by Dan Griffiths

The events of 2016 saw much scrutiny placed on the relationship between politics and celebrities. Against the tumultuous backdrop of the EU Referendum and the US Election, musicians such as YG and Lady Gaga weighed in with their opinions, while in their recent BRITS acceptance speech for Best British Group the 1975’s Matty Healy urged pop stars not to “stay in your lane,” but to “use your platform.” This has not been an entirely popular trend, with many attempting to denigrate the wealthy, liberal celebrities who dare comment on the lives of the ‘common man.’ Hollywood actor Mark Wahlberg even went as far as to say that celebrities are too far out of touch with the real world to comment on politics. It seemed that in 2017, the age of the political protest song might be over. Thank god, then, that VANT didn’t get the memo. Mattie Vant and co are a politically-charged rock band from London, and their music is all about straying from your lane and having something to say about the condition of the world.

Debut album DUMB BLOOD is brash, punchy, and very political. Its subject is not limited to the condition of the Western world; world politics and issues are dissected, rarely culminating in a positive outlook. The themes on offer span from the bombing of Aleppo, to sexual assault, to the materialistic futility of capitalism. Every song on the album is presented in all-caps lock, which for the sake of sanity I won’t be repeating here. The anger this gesture represents however says something about the band’s genetic make-up. As do song titles like ARE WE FREE?

The album kicks off with a rumbling ominous bass riff on THE ANSWER. The single was released prior to the release of the album, along with five other songs featured on the standard version of the album. Mattie Vant’s voice is a punk singer’s dream, seemingly a descendent of The Clash’s Joe Strummer. As a result it’s easy to miss a lot of the political ruminations in this song. After a few more listens, it becomes apparent that he’s talking about the situation in Syria, which sets the tone for the whole album. If the political spin sounds tiresome, it’s not; the guitars and drums are furious and create a jamming sound that allows the vocals to come and go. This ends with the show-stopping line: “Keep sucking my dick while my friend fucks your mother.” This is the moment where the band’s tone becomes apparent; they are not messing about, trying to score a few points by appealing to liberal Millennials. They are deadly serious, and angry, in this case directing their ire at American and British involvement in Syria. Occupation doesn’t work, nor does a more laissez-faire policy. “What’s the answer?” shouts Vant in frustration.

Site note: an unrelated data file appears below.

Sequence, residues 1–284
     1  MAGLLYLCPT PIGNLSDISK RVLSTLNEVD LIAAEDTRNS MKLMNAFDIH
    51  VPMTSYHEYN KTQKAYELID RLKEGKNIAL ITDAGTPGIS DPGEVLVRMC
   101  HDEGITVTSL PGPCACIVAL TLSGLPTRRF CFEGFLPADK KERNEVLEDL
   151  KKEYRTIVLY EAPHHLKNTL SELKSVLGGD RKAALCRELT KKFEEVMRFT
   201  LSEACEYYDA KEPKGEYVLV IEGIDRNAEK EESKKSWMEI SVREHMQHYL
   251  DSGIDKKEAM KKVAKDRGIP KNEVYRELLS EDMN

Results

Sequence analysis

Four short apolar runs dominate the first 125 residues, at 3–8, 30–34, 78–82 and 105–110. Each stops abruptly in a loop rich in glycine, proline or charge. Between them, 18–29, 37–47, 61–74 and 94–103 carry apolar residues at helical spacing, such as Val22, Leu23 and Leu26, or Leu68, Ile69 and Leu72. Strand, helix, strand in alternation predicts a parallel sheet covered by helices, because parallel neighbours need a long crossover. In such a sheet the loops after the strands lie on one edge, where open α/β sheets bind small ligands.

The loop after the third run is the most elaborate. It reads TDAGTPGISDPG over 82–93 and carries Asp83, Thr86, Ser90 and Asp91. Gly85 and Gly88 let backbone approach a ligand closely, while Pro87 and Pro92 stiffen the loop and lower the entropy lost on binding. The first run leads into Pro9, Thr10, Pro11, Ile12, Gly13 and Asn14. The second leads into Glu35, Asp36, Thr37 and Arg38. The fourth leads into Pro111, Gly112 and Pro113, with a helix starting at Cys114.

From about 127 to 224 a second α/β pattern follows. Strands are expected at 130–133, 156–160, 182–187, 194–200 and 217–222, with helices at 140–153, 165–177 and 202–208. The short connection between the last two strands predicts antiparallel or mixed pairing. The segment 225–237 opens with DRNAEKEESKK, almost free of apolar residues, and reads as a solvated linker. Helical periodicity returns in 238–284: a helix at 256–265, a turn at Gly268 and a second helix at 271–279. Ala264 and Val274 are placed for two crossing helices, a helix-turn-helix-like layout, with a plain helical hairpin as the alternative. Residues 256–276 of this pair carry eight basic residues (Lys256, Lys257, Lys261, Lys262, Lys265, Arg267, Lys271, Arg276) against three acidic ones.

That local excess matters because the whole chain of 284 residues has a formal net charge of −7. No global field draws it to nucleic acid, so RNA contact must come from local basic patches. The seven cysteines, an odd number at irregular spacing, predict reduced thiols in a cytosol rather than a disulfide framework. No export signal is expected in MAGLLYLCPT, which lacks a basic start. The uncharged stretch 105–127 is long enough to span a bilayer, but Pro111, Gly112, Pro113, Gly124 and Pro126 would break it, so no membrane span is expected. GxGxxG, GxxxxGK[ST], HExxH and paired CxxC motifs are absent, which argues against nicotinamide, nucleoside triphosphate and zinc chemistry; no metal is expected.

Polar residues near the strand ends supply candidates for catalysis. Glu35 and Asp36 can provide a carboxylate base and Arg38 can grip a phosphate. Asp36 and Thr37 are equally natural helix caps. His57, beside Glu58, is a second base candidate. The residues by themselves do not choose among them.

The next song has a more focused solution: PEACE AND LOVE is fairly self-explanatory, longing for the simple kindnesses of the hippy movement to come back and replace the current apathy, which, according to the next song, Lampoon, shows that “everything is dumb with this generation.” It is a whirlwind opening to an album, keeping up a fast pace, thrashing guitars and pounding drums. Vant’s voice rises to a punk-worthy scream, countering the general lack of variety in his vocal range. There is a general pattern emerging by this point: guitar-heavy, prone to long wandering solos, dominate proceedings. Each song continues on this political rampage. I DON’T BELIEVE IN GOD and FLY-BY ALIEN are frustrated railings against society’s vacuous condition, while PARKING LOT is about a sexual assault in a car park which goes unnoticed, or rather uncared-about. It’s relentless- even when it slows down, the same song will end up as fast and angry as its predecessor. The moral of the album appears in I DON’T BELIEVE IN GOD - “I don’t trust mankind.” It’s not a positive outlook, but it’s not supposed to be- VANT have something to say about world politics. In an interview with DIY magazine, Mattie Vant shares hopes that this album will kick-start a similar trend in other bands. I want a lot of bands to come out and have something to say, rather than going on about popping pills and dancing in a fucking club. That would be amazing,” he says. In the face of criticism directed towards politically aware musicians and celebrities, VANT hope they’ve found The Answer.

My only issue with this album is the way it’s been shared before release. There are 13 songs on the standard edition, of which only seven are new. Granted, there are another eight on the deluxe edition- but why spread it out that way? The album may have pointed out a lot of problems in society, but this annoying pursuit of more of my money marks it down a notch. Nevertheless, it is angry punk music of the highest order.